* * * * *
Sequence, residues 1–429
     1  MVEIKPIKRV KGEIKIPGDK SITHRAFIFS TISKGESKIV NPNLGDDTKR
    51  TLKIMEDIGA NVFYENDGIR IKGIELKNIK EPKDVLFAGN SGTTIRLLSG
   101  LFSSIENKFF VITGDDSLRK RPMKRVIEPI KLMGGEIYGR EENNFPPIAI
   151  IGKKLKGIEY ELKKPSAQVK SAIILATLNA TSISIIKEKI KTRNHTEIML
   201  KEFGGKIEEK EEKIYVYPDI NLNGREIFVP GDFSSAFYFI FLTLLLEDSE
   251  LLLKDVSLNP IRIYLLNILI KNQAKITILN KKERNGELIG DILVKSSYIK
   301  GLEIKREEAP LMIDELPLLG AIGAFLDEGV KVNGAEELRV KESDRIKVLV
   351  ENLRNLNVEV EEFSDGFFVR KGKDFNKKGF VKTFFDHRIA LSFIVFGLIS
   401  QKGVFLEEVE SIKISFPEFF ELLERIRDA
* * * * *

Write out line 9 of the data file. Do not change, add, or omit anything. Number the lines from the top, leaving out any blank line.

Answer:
   351  ENLRNLNVEV EEFSDGFFVR KGKDFNKKGF VKTFFDHRIA LSFIVFGLIS